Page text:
Kofia Busia is back in town. He is a longtime practitioner who was originally taught by BKS Iyengar. His classes never fail to challenge my thinking on yoga. Last night he broke all the rules. He did forward bends and back bends in the same sequence (a big no-no for traditional Iyengar teachers). He kept repeating three poses: Bhujangasana (Cobra Pose), Ardha Chandrasana (Half Moon Pose), and Prasarita Padottanasana (Expanded Intense Leg Pose) and intersperced many poses in between this trilogy of different-clanned poses.
He further upped the ante by teaching Virabhadrasana III (Warrior III) after Salamba Sarvangasana (Supported All Body Pose, or shoulder stand). We are traditionally taught that after Sarvangasana, there should be cooling poses on the way to Savasana. The one rule he stayed with is teaching Salamba Sirsasana (Supported Head Pose, or headstand) before Salamba Sarvangasana.
The way Kofi teaches is not the Iyengar method. Kofi just says the name of the pose in Sanskrit and has you fill in the blanks. He rarely makes corrections. When he does make manual adjustments, it’s to get people deeper into the pose.
While in the pose, he will tell some story or anecdote which somehow relates to his sequence. Last night he talked about the circus attraction of a knife thrower and the live target. He said the trick is to get the knife as close as possible to the target without hitting it. He related that to the odd sequence he was teaching. He said we have to use our internal matter (I cannot recall the Sanskrit word he used) that is not just the muscle, but all the “hardware” of our being to allow us to perform each asana safely despite the odd order of poses. He also stated that all the great artists in history first learned the rules, and then broke them to create something new.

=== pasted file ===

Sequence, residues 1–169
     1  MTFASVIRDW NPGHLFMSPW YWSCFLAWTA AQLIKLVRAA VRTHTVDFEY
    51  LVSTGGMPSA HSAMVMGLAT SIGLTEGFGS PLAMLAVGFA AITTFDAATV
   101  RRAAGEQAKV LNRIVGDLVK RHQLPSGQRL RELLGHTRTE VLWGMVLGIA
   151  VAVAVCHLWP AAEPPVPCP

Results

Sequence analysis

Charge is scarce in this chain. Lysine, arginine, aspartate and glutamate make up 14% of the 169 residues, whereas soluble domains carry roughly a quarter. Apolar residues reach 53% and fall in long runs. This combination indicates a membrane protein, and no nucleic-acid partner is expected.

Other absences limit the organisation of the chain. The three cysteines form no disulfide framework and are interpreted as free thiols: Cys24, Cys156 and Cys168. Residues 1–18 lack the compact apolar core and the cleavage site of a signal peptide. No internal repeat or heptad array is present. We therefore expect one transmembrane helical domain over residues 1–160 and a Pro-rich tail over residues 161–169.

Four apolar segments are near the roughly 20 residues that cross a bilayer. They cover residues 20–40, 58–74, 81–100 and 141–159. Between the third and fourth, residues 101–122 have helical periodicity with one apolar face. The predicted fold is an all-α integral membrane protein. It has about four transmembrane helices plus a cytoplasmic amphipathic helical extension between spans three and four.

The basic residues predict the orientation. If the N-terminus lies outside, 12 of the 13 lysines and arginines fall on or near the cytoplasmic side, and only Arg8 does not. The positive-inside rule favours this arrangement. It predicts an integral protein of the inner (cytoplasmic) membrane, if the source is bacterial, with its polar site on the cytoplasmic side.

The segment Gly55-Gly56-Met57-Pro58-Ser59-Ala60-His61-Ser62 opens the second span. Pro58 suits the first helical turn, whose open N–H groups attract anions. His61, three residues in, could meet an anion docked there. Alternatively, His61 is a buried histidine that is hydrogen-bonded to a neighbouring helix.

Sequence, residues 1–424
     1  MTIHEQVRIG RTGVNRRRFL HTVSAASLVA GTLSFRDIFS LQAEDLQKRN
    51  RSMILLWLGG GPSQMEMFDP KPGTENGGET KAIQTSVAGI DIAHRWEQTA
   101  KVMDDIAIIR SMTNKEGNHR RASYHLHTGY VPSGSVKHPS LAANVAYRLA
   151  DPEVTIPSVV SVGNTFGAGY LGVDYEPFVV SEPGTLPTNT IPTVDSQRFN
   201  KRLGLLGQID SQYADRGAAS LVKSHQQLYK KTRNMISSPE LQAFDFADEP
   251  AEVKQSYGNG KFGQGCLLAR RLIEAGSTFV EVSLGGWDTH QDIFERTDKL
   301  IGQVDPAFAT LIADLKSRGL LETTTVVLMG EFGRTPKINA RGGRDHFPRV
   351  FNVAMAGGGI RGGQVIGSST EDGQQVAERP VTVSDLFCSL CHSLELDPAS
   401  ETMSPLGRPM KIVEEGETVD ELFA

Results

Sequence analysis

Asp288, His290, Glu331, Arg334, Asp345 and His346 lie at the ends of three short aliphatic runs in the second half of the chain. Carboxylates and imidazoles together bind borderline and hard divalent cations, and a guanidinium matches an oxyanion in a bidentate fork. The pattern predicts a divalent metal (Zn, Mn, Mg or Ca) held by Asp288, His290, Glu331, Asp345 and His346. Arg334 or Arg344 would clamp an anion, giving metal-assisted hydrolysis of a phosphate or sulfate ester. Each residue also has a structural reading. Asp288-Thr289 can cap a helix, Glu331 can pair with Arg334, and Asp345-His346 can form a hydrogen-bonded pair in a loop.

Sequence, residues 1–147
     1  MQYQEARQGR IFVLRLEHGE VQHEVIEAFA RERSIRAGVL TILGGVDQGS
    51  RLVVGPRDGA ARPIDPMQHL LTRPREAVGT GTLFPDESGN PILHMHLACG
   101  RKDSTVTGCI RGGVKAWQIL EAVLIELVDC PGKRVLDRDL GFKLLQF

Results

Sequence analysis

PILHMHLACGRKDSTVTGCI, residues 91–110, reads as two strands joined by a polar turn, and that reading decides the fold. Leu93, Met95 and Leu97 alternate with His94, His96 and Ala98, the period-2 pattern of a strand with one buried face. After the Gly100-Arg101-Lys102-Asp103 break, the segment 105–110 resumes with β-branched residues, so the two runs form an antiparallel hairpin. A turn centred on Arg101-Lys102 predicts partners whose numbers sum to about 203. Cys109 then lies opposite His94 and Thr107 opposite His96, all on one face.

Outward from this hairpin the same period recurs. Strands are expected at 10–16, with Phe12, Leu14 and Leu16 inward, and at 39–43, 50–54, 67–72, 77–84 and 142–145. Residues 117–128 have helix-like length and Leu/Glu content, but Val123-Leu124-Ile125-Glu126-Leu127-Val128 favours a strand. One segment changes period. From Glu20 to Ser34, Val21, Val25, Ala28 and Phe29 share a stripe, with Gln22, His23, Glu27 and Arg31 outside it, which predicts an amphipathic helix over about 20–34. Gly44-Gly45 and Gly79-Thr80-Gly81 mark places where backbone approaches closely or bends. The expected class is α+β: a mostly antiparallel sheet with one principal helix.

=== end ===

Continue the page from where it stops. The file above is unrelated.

He also talked about how people who are masters in their craft deliberately add obstacles to their practice. He told how Billie Jean King would compete against two men at the same time. He told about how a writer in England went through the whole play of Shakespeare’s Hamlet and took out words with the letter “I” and “recast” them with another word. Thirdly, he talked about how Jazz Guitarist Django Reinhardt, who lost use of some of his fingers, but mastered his instrument despite his disability. Kofi said that other jazz guitarist taped their fingers to try to emulate Reinhardt’s style.
As I am writing this the next morning, I notice that the sequence did not injure me, but my back is a bit stiff. I consulted another student in the class who said her back is stiff too. I will return tonight to his class to see what he conjures up next. Stay tuned!!!